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Monaco Grand Prix - Why F1's showpiece is irreplaceable

Monaco Grand Prix - Why F1's showpiece is irreplaceable

Monaco Grand Prix - Why F1's showpiece is irreplaceable

Monaco Grand Prix - Why F1's showpiece is irreplaceable

The recent announcement of the Las Vegas Grand Prix as F1 continues to build its presence in the United States has thrust the sport even more firmly into the spotlight.

The new race has captured the imagination, adding to a bustling list of circuits around the world on the calendar but as more and more interest in joining that roster is created, historic races are put at risk.

The name that has been singled out since the announcement is Monaco, given its relation to Las Vegas with regard to its exclusivity and setting in amongst wealthy hotels and casinos.

McLaren CEO Zak Brown has also warned Monaco may need to change to ensure its place is safe on the calendar. He said: “I think Monaco needs to come up to the same commercial terms as other grands prix [it pays only $15million per year].

"[It] also maybe needs to work with ways they can adapt their track because as our cars have become bigger, the racing has become more difficult.”

So should Monaco remain in F1?

What GPFans readers say

Across the weekend, GPFans conducted a poll asking you, the reader, if you believed Monaco should or should not be on the calendar going forward.

The results, as of writing, indicate 73 per cent think Monaco is part of the fabric and should stay in F1.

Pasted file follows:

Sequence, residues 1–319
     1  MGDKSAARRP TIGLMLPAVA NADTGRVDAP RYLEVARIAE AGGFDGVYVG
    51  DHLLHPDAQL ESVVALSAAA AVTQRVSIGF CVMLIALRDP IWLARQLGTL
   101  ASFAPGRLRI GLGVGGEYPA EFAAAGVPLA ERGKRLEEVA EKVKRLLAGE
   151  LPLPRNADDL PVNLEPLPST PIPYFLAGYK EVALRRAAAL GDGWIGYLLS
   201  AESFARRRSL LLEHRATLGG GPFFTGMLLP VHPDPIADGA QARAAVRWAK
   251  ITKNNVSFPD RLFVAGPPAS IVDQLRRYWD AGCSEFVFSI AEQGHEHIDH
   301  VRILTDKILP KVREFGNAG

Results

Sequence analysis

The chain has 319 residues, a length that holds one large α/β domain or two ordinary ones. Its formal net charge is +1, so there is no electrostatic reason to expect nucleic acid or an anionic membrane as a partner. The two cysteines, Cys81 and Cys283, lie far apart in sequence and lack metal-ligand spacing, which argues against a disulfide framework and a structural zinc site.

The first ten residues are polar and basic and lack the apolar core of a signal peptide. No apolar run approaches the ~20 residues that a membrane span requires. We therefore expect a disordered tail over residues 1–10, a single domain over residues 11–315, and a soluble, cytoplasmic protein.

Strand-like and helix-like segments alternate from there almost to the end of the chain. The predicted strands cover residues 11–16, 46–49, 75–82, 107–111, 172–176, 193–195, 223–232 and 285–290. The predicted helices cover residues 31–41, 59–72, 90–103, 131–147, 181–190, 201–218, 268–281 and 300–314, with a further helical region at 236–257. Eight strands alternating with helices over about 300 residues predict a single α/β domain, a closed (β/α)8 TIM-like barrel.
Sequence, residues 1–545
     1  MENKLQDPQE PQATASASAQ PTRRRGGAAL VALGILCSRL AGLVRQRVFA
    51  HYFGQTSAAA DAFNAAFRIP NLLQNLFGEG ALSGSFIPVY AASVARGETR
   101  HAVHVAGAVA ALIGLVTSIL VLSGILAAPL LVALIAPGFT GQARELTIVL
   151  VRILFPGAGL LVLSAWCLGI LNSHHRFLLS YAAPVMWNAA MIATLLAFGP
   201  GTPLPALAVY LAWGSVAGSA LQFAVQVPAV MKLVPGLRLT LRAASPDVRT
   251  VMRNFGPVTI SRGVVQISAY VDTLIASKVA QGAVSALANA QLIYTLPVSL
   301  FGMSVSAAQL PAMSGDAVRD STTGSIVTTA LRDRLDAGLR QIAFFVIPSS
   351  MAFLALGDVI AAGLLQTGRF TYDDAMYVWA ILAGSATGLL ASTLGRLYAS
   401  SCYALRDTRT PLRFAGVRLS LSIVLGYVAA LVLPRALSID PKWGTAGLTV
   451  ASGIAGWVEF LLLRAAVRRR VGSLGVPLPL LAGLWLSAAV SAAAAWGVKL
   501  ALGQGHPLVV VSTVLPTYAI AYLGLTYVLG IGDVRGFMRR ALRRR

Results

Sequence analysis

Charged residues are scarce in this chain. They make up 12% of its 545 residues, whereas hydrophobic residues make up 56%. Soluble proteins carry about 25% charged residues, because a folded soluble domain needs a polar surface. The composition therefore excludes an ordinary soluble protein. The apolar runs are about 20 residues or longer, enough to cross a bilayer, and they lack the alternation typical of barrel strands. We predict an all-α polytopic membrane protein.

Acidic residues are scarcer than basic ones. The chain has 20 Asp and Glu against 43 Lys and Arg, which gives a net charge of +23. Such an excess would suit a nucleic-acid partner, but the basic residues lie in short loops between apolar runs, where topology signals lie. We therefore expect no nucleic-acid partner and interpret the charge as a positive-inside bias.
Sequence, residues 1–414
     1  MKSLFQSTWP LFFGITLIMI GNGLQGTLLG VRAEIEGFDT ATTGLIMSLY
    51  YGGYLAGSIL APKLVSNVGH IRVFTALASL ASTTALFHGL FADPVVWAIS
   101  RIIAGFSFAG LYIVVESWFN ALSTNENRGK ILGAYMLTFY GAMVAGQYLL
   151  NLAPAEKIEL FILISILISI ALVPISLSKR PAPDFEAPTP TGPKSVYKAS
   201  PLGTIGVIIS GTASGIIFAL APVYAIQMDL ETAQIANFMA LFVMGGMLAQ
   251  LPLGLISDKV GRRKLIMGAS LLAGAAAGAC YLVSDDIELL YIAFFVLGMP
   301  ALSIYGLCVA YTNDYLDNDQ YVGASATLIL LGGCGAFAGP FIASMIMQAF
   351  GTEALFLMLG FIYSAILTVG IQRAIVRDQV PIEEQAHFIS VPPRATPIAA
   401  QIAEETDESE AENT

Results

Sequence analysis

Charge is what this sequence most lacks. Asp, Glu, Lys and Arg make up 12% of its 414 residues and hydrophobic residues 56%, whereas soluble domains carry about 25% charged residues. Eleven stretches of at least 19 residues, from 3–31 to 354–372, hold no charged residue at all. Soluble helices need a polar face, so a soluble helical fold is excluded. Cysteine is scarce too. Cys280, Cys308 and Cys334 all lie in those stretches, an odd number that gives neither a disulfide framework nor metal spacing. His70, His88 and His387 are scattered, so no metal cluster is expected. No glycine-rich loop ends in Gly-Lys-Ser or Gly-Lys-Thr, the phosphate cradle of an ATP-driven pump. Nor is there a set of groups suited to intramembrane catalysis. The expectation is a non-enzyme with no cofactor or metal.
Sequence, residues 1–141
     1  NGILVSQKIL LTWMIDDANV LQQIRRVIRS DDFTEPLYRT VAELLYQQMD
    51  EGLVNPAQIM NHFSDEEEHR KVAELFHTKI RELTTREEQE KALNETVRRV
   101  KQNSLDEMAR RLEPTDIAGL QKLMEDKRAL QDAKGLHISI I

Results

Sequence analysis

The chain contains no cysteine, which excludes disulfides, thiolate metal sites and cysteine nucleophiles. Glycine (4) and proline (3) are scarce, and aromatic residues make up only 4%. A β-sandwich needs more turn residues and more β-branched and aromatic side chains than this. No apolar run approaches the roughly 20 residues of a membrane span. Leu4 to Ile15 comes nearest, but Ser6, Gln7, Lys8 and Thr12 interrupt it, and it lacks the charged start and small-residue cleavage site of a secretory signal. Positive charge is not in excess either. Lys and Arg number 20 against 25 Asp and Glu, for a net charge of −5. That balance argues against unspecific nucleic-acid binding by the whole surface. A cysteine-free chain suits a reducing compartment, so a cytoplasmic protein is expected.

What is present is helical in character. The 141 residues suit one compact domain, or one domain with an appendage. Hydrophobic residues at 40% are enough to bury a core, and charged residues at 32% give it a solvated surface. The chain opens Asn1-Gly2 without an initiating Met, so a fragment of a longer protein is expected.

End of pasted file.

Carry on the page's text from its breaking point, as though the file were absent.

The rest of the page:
What you cannot escape is the continued pressure on the Principality to keep up with the evolution experienced by the sport in modern times.

Why Monaco is under pressure

The issue for Monaco is that whilst F1 cars are unrecognisable to those that took part in the 1950s other than the fact they are still single-seaters with four wheels, the track layout has gone largely unchanged.

Minor tweaks have taken place on the harbour front at the exit of the tunnel and the opening-up of the swimming pool complex whilst La Rascasse and Saint Devote have also been altered.

But other than these, the track remains the same and that is a problem because as F1's machinery has evolved into longer, wider and more powerful beasts, the racing action has been hindered.

Overtaking has never been easy in Monte Carlo - just think back to the incredible tussle between Ayrton Senna and Nigel Mansell in 1992.

But the scenario we have been left with in recent times is the race is almost done and dusted when qualifying is completed and that is not what we want to see.

With faster and wider street circuits entering the fray, Monaco no longer fits the bill in terms of racing excitement, hence the pressure to pay up or move on.

Is Monaco irreplaceable?

The question, therefore, turns to whether Monaco actually adds anything to F1.

The answer is simple. It does.

The Monaco Grand Prix is F1 summed up in a weekend. It is glamourous, expensive, exclusive, hair raising and - most importantly - completely over the top.

There is no greater challenge for the 20 drivers on the grid than to hustle an F1 car around the narrow streets for 78 laps, using the highest level of concentration of any athlete on the planet for the purpose of entertainment and sport.

Ask any driver and the race they will want to win, other than their home event if applicable, is the Monaco Grand Prix such is its history.

F1 without Monaco would be like F1 without Ferrari. Of course, it would survive, it just wouldn't feel the same.

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